We talk about $\tan^{-1}(x)$ in $(-\frac{\pi}{2} \ \ \frac{\pi}{2})$ interval because it's one-to-one. But we can also consider other intervals like $(\frac{\pi}{2},\pi)$ , $(\pi,\frac{3\pi}{2}),\dots$. When we want to find value of $\tan^{-1}(\tan(\frac{4\pi}{3}))$ , the $\frac{4\pi}{3}$ is wrong answer because it's not in $(-\frac{\pi}{2},\frac{\pi}{2})$ interval. But I think we can say $\tan^{-1}(\tan(x)) = x $ or $\tan(\tan^{-1}(x)) = x $ in any intervals (that is pointed out) What's my mistake ?

  • $\begingroup$ There is no generally accepted answer. The definition is malleable so that different problems can be considered. It is typically obvious what $\tan^{-1}$ should be doing based on the context of the question. $\endgroup$
    – Kaynex
    Commented Feb 12, 2017 at 20:37
  • $\begingroup$ The function $\tan^{-1}$ can only be used when you restrict the domain of $\tan$ to the classic interval $[-\pi/2,\pi/2)$, as you stated. $\endgroup$
    – Tim Thayer
    Commented Feb 12, 2017 at 20:38
  • $\begingroup$ @Kaynex Okay , but how we can say $\tan^{-1}(\tan(\frac{\pi}{3})) = \frac{\pi}{3} $ and $\tan^{-1}(\tan(\frac{4\pi}{3})) = \frac{4\pi}{3} $ is wrong. $\endgroup$
    – S.H.W
    Commented Feb 12, 2017 at 20:41
  • $\begingroup$ @TimThayer Consider $\tan^{-1}(x)$ in $(\pi , 3\pi/2)$ interval . What we can say about $\tan^{-1}(\tan(x))$ ? $\endgroup$
    – S.H.W
    Commented Feb 12, 2017 at 20:48
  • 1
    $\begingroup$ You only can say $\arctan(\tan x)\equiv x\mod\pi$ in general. $\endgroup$
    – Bernard
    Commented Feb 12, 2017 at 20:48

3 Answers 3


The maps $(-\frac\pi2,\frac\pi2)\to\mathbb{R},x\mapsto\tan(x)$ and $\mathbb{R}\to(-\frac\pi2,\frac\pi2),x\mapsto\arctan(x)$ are bijections and each one is the inverse of the other one.

Hence we have :

$$\forall x\in\mathbb{R},\,\tan(\arctan(x))=x$$


$$\forall x\in(-\frac\pi2,\frac\pi2),\,\arctan(\tan(x))=x$$

Now consider any $\displaystyle{x\in\mathbb{R}-\{\frac\pi2+k\pi;\,k\in\mathbb{Z}\}}$.

There exists a unique integer $k$ such that $x-k\pi\in(-\frac\pi2,\frac\pi2)$; so :


but $\tan(x-k\pi)=(-1)^k\tan(x)$ and $\arctan(-t)=-\arctan(t)$ for every $t\in\mathbb{R}$.

Hence :


If you prefer an even more explicit formula, you can observe that the condition $$-\frac\pi2<x-k\pi<\frac\pi2$$ is equivalent to $$k<\frac x\pi+\frac12<k+1$$ so that :

$$\boxed{\forall x\in\mathbb{R}-\{\frac\pi2+k\pi;\,k\in\mathbb{Z}\},\;\arctan(\tan(x))=(-1)^{\lfloor\frac x\pi+\frac12\rfloor}\left(x-\left\lfloor\frac x\pi+\frac12\right\rfloor\pi\right)}$$

  • $\begingroup$ Fantastic Answer!! Thanks! $\endgroup$
    – S.H.W
    Commented Feb 12, 2017 at 21:12
  • $\begingroup$ @S.H.W: You are welcome :) $\endgroup$
    – Adren
    Commented Feb 12, 2017 at 21:25

The tangent function reports a number between $(-\infty, \infty)$ in accordance with the angle input from the domain. So the formula $\tan(\tan^{-1}(x))$ reports the tangent of the angle between $(\frac{-\pi}{2},\frac{\pi}{2})$ whose tangent is $x,$ and hence will always return $x.$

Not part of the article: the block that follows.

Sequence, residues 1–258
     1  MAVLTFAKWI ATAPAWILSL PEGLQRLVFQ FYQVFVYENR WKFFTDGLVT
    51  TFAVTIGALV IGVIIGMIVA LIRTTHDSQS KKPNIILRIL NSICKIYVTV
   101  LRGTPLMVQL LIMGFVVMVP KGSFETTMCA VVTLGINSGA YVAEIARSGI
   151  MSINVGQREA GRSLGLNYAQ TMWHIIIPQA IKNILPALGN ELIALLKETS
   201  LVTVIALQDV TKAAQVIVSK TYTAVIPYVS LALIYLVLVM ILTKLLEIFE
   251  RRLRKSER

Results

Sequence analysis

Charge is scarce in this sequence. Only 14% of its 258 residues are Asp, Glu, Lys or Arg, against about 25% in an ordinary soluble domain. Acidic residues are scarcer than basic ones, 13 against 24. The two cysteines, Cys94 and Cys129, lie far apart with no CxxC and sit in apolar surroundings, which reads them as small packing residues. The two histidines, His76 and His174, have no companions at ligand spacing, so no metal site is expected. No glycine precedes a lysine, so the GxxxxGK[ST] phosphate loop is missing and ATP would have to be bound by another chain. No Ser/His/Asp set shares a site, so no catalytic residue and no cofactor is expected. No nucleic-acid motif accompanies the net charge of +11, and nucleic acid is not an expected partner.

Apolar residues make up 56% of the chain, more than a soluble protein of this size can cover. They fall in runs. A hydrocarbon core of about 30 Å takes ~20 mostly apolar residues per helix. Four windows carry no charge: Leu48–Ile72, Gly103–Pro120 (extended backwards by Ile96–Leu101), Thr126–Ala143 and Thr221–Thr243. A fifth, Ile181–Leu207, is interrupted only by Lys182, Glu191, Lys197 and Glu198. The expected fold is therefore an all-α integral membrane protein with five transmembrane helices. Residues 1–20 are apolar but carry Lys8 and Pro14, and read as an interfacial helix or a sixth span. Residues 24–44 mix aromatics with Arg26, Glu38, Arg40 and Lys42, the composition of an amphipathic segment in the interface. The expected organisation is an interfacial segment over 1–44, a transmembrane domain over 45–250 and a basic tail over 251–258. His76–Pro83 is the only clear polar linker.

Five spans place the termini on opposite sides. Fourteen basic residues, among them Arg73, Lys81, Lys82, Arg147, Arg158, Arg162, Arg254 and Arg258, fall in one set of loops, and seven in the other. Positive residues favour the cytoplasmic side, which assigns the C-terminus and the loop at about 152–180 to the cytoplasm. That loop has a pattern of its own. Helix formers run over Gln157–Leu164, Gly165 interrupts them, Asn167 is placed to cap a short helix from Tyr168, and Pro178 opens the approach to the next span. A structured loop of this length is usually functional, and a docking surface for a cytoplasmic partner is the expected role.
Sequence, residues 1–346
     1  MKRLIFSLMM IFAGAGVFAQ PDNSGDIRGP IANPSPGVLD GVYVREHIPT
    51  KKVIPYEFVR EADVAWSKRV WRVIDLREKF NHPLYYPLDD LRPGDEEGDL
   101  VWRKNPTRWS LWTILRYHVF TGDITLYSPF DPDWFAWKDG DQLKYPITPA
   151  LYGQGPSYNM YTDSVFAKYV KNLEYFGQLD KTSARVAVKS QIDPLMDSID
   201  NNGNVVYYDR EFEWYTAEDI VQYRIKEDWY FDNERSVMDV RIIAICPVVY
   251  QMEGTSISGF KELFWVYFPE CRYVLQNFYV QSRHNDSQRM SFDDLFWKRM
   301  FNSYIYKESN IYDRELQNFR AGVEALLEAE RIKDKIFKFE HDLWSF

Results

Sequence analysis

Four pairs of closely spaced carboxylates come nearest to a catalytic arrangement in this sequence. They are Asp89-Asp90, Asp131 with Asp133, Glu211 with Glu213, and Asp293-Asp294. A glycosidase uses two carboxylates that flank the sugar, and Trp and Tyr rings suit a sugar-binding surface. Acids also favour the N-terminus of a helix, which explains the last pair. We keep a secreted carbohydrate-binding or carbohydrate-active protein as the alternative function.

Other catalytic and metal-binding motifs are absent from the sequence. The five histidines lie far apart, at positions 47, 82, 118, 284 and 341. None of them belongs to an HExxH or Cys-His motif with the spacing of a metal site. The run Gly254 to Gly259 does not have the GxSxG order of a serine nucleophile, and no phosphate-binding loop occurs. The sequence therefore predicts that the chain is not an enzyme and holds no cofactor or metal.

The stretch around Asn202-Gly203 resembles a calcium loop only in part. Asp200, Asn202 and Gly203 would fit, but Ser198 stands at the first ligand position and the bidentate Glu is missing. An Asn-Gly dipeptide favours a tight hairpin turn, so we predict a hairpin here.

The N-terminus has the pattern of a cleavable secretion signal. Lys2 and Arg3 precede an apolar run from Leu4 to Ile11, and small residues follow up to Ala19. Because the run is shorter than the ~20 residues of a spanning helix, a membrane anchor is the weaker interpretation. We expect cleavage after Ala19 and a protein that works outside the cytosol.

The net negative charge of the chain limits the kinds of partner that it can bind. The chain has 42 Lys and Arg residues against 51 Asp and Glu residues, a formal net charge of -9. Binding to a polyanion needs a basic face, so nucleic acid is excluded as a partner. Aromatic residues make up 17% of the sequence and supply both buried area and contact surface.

On the other hand, $\tan^{-1}(\tan(x))$ is the angle between $(\frac{-\pi}{2},\frac{\pi}{2})$ that shares the same value as the tangent of the angle $x.$ Hence, $\tan^{-1}(\tan(x))=x$ if and only if $x \in (-\frac{\pi}{2}, \frac{\pi}{2}).$ However, the above description does imply $\tan^{-1}(\tan(x))=x+k\pi$ where $k \in \mathbb{Z}.$

  • $\begingroup$ For example in $(\pi , 3\pi/2)$ interval , how we can understand the proper value for $k$ ? $\endgroup$
    – S.H.W
    Commented Feb 12, 2017 at 20:54
  • $\begingroup$ We know $\tan^{-1}(\tan(\frac{4\pi}{3})) = \frac{\pi}{3}$. So , It seems that proper $k$ is $-1$. $\endgroup$
    – S.H.W
    Commented Feb 12, 2017 at 20:58
  • $\begingroup$ @Bernard Can you help about finding proper $k$ ? $\endgroup$
    – S.H.W
    Commented Feb 12, 2017 at 21:05
  • $\begingroup$ SHW, take your result and keep adding (or subtracting) multiples of $\pi$ until your original input is obtained. $\endgroup$ Commented Feb 12, 2017 at 21:35

This is an object lesson in why $\tan^{-1}$ is a misleading and hence poor notation!

We know that the restriction of the function $\tan$ to the interval $\left(-\frac{\pi}{2}, \frac{\pi}{2}\right)$ is bijective, so it is invertible. We denote this inverse, which we often called the arctangent by $$\arctan := \left(\tan\vert_{\left(-\frac{\pi}{2}, \frac{\pi}{2}\right)}\right)^{-1} .$$ Concretely, this is the function that takes as its argument the slope $m$ of a line $L$ in the plane and returns the (signed) angle $\arctan m$ in $\left(-\frac{\pi}{2}, \frac{\pi}{2}\right)$ formed by the $x$-axis and $L$.

Since $\tan\vert_{\left(-\frac{\pi}{2}, \frac{\pi}{2}\right)}$ and $\arctan$ are inverses, we have $$\left(\tan\vert_{\left(-\frac{\pi}{2}, \frac{\pi}{2}\right)} \circ \arctan\right)(y) = y \qquad \textrm{and} \qquad \left(\arctan \circ \left(\tan\vert_{\left(-\frac{\pi}{2}, \frac{\pi}{2}\right)}\right)\right)(x) = x.$$

The first equation tells us that $\tan \arctan y = y$ for any real $y$. The second equation, however, guarantees that $\arctan \tan x$ only for $x \in \left(-\frac{\pi}{2}, \frac{\pi}{2}\right)$---of course, this equation can't hold for any other $x$, for the simple reason that the image of $\arctan$ is $\left(-\frac{\pi}{2}, \frac{\pi}{2}\right)$! On the other hand, since we know that $\tan (x + \pi k) = \tan x$ precisely for integers $k$, we can conclude a slightly weaker statement for general $x$, namely that $$\arctan \tan x = x \pmod \pi .$$


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